The idea of high concept has been around a while. It makes us sit up and take notice.
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I have to admit this definition doesn’t do it for me. It’s much too broad. A few years ago I wrote up a post on high concept, and I actually had a hard time researching the topic. Not a lot of information was out there on what it really meant to write something “high concept”.
But lately high concept has become a buzz word and although I’ve done more research no one can come to a decision on what it really means.
I actually am writing this post to say that high concept is something much more complex than the definition “Popular Appeal”.
I truly believe that high concept idea has to be as basic a plot as there is but also be as unique as the writer who has created it.
Important Point #1: Basic plot
Basic plot does not mean boring. The idea of plot is that it be as straight forward as it can be. Grab a copy of Chris Vogler’s The Writer’s Journey,or Blake Snyder’s Save the Cat both are brilliant at demonstrating the very basics of plot construction.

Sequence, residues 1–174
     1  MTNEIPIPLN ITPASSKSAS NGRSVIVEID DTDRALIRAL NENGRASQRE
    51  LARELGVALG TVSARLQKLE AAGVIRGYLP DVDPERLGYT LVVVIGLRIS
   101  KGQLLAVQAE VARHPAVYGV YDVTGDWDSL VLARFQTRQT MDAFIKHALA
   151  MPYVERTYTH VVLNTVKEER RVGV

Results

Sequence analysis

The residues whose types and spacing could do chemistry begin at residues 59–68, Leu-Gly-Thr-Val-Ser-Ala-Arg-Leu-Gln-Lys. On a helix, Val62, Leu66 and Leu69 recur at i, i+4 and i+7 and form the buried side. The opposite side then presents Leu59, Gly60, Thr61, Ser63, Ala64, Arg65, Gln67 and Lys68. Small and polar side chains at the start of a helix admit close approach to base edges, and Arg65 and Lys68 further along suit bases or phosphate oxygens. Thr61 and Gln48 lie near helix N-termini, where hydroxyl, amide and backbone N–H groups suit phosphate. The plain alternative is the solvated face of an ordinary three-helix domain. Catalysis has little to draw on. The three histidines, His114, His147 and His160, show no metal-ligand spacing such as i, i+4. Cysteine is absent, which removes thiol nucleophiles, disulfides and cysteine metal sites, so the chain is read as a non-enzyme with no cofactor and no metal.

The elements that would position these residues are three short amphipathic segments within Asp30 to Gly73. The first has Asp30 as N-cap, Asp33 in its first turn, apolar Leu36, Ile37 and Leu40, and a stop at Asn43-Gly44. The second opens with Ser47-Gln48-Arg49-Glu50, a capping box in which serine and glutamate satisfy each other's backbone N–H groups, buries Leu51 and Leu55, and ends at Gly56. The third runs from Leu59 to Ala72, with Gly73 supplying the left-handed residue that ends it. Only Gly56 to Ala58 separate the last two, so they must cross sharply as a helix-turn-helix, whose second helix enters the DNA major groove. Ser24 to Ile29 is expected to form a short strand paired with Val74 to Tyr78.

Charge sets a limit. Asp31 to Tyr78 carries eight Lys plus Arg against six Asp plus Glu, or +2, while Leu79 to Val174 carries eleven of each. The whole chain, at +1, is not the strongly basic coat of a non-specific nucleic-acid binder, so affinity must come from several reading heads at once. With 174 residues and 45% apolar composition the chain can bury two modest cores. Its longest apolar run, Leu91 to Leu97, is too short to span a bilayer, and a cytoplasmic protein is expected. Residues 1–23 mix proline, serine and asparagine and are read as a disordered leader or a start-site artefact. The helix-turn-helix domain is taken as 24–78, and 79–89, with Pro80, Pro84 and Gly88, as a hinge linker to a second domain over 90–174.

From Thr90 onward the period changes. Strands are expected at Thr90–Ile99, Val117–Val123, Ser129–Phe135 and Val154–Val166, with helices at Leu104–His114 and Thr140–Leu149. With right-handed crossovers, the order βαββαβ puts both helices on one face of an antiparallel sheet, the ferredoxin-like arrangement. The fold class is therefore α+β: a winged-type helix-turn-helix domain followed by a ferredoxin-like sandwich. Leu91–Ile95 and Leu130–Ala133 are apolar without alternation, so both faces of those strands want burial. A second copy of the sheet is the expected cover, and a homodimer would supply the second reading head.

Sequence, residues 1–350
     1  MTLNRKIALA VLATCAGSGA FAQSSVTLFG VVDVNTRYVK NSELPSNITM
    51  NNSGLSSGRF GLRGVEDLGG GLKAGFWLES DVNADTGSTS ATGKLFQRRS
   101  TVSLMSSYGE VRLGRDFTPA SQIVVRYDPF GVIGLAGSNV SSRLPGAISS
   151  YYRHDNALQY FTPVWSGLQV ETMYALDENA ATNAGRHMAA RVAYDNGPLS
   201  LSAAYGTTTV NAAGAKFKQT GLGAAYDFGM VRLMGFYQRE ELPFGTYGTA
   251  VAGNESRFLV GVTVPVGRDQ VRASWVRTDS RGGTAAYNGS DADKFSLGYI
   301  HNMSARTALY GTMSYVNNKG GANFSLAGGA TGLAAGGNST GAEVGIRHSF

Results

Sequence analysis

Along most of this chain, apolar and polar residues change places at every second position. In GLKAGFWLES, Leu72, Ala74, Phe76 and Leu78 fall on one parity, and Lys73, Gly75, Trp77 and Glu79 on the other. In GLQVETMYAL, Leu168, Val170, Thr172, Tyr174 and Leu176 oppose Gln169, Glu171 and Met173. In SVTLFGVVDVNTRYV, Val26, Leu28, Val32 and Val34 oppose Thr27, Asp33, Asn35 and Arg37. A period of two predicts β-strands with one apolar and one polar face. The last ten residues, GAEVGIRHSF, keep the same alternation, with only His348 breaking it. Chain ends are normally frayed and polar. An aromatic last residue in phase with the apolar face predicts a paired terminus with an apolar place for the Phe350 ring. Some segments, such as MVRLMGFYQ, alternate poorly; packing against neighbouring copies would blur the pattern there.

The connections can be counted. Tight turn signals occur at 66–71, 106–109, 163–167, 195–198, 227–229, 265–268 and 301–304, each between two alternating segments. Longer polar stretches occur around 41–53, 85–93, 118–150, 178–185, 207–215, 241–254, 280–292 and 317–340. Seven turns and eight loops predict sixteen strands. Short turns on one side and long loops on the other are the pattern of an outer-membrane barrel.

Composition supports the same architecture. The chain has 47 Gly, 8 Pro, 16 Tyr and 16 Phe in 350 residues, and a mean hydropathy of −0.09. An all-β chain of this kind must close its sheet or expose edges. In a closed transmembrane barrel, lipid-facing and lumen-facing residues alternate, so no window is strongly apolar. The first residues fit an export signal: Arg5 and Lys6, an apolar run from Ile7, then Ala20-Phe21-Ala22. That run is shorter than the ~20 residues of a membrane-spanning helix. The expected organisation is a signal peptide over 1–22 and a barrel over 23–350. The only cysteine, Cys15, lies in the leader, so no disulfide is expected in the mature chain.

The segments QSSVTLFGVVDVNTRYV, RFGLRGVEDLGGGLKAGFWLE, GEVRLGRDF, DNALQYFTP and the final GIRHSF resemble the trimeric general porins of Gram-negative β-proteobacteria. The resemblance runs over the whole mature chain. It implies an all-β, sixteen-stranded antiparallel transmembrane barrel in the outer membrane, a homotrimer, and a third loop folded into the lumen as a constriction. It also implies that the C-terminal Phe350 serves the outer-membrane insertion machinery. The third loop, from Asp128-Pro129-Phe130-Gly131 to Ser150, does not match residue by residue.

Think of Star Wars. Follow this link and scroll down to the storyline portion of the page. You’ll see how easily condensed the plot is. When creating high concept, your plot MUST be able to be condensed into a single sentence that tells it all. And don’t use shortcuts “It’s like Frozen, meets Godzilla.” That’s cheating.
A great device I use to create that single sentence synopsis is taken from Debra Dixion’s book on GMC: Goal, Motivation and Conflict, also an excellent resource.
This sentence needs to have Who=Character, What=goal, Why=motivation, Why not=conflict.
Here is the framework of your synopsis sentence:
A character wants a goal because he is motivated, but he faces conflict.
Want some help? Comment below!